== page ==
Authorities fear that churches’ authority will grow, and cooperation between them will increase
A national march under the slogan of ‘For Life, For Family, For Children’ aimed at promoting birth and family values and initially planned for September 21st in Minsk, will not take place due to a ban by the authorities.
Despite the announced cooperation between the government and the Orthodox Church and, to a lesser extent, the Catholic and Protestant Churches in Belarus, the authorities do not welcome independent initiatives coming from the church community. The Belarusian government is afraid of the churches’ growing influence among the population, against reduced social benefits offered by the state. The authorities also fear churches cooperating with one another and their potential entry into politics. In turn, churches are not interested in exacerbating relations with the authorities and try to avoid conflicts, mostly acting behind-the-scenes.
The march was a joint initiative by the Orthodox, Catholic and Protestant churches. The joint event was endorsed by the senior clergy of the Orthodox and Catholic churches. Blessing for the rally was given by Catholic Metropolitan Tadeusz Kondrusiewicz and Orthodox Metropolitan Filaret. The march’s organizers were a number of charitable non-profit organizations that are close to the church circles. The event was banned despite its constructive nature, which aimed at addressing the state’s demographic policy. The authorities saw a threat in the event’s potentially political nature and the opportunity for the churches to enter the political arena. The Belarusian Christian Democracy Party had also announced its support for the march.
Currently, Belarus’ social state is shrinking and it is no longer able to provide the same level of social protection for its citizens. However, the authorities are not willing to delegate such functions to independent public institutions, even loyal ones, fearing their increased influence on social processes. It is noteworthy that confidence in the Orthodox (70%) and Catholic (44%) churches is higher than the confidence level in most government institutions.
In the Belarusian authorities’ view, cooperation with the Church should bear a servile character. In 2003, the Agreement on Cooperation between the Republic of Belarus and the Belarusian Orthodox Church was signed in order to address social issues. However, the authorities see this relationship developing only within strictly defined framework, which does not imply independent initiatives by the Church. In addition, President Lukashenko sees the Orthodox Church as being built into the state system. In July 2013, he said “I think we are on the verge of some reform: calm, evolutionary, incremental reform of the Orthodox Church, and maybe not only the Orthodox Church”.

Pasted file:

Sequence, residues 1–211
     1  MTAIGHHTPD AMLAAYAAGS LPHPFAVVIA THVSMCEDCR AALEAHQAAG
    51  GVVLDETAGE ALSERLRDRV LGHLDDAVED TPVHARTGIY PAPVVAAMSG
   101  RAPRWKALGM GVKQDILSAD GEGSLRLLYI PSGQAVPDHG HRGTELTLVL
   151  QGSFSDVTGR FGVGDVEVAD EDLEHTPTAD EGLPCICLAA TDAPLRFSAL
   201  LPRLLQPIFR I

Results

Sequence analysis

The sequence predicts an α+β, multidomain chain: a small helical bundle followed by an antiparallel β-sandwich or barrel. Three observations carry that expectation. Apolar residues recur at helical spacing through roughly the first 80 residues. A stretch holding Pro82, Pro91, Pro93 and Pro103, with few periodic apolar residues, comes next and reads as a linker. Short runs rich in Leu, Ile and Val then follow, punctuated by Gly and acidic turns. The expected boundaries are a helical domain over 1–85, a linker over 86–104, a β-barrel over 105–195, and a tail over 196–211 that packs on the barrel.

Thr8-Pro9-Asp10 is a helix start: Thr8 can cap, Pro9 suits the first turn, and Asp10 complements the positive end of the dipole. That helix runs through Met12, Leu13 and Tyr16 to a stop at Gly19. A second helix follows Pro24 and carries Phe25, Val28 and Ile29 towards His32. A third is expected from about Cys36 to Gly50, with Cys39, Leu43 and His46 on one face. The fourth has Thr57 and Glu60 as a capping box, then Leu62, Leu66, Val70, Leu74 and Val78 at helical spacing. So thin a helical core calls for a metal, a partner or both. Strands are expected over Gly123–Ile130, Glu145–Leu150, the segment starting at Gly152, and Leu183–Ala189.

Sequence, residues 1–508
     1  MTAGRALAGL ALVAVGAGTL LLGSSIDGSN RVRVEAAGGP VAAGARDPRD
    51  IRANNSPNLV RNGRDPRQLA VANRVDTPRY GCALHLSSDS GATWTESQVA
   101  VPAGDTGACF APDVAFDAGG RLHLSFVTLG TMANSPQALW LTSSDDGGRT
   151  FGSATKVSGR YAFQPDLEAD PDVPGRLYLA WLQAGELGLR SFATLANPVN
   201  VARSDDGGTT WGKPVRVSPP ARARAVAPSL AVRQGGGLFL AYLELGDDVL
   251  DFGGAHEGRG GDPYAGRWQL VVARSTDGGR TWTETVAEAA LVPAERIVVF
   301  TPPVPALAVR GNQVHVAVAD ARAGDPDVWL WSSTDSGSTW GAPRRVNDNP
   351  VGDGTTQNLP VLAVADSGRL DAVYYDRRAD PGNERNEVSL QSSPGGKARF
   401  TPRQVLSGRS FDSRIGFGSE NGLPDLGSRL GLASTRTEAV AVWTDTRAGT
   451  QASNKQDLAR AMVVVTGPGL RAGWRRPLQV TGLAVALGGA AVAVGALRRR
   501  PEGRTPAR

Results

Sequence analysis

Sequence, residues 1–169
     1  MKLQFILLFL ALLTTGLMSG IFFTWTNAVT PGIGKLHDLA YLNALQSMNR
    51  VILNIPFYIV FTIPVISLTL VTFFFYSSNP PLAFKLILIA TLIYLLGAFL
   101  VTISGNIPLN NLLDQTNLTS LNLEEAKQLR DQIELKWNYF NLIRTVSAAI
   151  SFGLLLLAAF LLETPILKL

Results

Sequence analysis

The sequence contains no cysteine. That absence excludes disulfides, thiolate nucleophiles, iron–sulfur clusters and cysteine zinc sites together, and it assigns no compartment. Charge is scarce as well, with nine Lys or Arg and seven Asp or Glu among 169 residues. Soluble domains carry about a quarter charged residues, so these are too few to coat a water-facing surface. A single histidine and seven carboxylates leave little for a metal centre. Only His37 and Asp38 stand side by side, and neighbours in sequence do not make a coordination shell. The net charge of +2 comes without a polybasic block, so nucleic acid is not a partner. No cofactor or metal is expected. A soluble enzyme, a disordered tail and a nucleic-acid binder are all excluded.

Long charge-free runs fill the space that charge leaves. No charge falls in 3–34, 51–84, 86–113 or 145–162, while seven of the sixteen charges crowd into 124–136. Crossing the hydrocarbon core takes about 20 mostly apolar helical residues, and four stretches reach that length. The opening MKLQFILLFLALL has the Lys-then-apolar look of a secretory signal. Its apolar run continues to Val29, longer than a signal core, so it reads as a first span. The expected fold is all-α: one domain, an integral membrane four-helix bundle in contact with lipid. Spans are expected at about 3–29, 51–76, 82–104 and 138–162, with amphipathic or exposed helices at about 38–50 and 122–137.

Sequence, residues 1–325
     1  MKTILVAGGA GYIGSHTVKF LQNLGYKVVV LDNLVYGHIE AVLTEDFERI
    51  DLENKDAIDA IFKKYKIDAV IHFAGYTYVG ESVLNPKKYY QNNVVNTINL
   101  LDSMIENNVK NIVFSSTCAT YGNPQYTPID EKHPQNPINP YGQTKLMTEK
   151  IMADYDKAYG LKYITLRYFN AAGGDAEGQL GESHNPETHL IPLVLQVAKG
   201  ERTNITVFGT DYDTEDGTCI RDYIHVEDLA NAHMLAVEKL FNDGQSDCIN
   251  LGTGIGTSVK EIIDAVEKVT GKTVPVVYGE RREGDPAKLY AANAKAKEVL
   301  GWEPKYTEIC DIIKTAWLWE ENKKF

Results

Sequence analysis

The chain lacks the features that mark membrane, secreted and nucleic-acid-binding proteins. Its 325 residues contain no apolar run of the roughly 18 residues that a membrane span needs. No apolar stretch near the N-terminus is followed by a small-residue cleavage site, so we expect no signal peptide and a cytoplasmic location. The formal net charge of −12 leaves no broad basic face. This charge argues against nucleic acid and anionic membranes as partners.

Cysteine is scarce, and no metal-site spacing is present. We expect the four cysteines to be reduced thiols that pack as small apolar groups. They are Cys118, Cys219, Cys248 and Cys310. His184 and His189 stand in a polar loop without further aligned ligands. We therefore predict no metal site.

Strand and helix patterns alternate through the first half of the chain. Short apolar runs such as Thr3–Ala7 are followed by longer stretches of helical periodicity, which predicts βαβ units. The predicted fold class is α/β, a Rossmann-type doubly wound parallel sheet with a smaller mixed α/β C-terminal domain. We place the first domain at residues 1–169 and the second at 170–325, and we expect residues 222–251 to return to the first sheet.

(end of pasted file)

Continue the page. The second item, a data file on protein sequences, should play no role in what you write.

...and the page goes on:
Catholic and Protestant Churches are more independent from the state and therefore bear the costs of such independence. In July, Belarusian secret services detained Vladislav Lazarus, a Catholic priest. He is accused of sending money and property to a person who is accused of spying for another country. The Catholic Church has not supported the petition, initiated by some activists, demanding the priest’s release. This week, the Conference of Catholic Bishops called upon “the believers to entrust this painful problem to the God’s mercy”. The Catholic Church does not want to exacerbate relations with the Belarusian authorities, and is pressing for the conflict to be resolved in backroom negotiations.
Thus, the Belarusian authorities will seek to keep the churches’ activities within the existing framework. Churches, in turn, are afraid to contact public and political organizations. The decision about Vladislav Lazarus’ fate will largely depend on secret negotiations between the Catholic hierarchs (potentially with the participation of Vatican representatives) and the Presidential Administration.
President Lukashenka continues to rotate staff and rejuvenate heads of departments and universities following new appointments in regional administrations. Apparently, new Information Minister Karliukevich could somewhat relax the state policy towards the independent media and introduce technological solutions for retaining control over Belarus’ information space. New rectors could strengthen the trend for soft Belarusization in the regions and tighten the disciplinary and ideological control over the student movement in the capital.
President Lukashenka has appointed new ministers of culture and information, the new rector of the Belarusian State University and heads of three universities, assistants in the Minsk and Vitebsk regions.
The new Information Minister Karliukevich is likely to avoid controversial initiatives similar to those former Minister Ananich was famous for, however, certainly within his capacities. Nevertheless, the appointment of Belarusian-speaking writer Karliukevich could be regarded as the state’s cautious attempt to relax environment in the media field and ensure the sovereignty of national media.
The Belarusian leadership has consolidated the trend for mild Belarusization by appointing a young historian and a ‘reasonable nationalist’, Duk as the rector at the Kuleshov State University in Mogilev. Meanwhile, while choosing the head of the Belarusian State University, the president apparently had in mind the strengthening of the ideological loyalty among the teaching staff and students at the main university in order to keep the youth movement at bay. Previously, Korol was the rector of the Kupala State University in Grodno, where he held purges among the disloyal teaching staff.
The trend for the renewal of mid-ranking executives and their rejuvenation has confirmed. The age of the Culture Minister and three new rectors varies from 39 to 44 years old.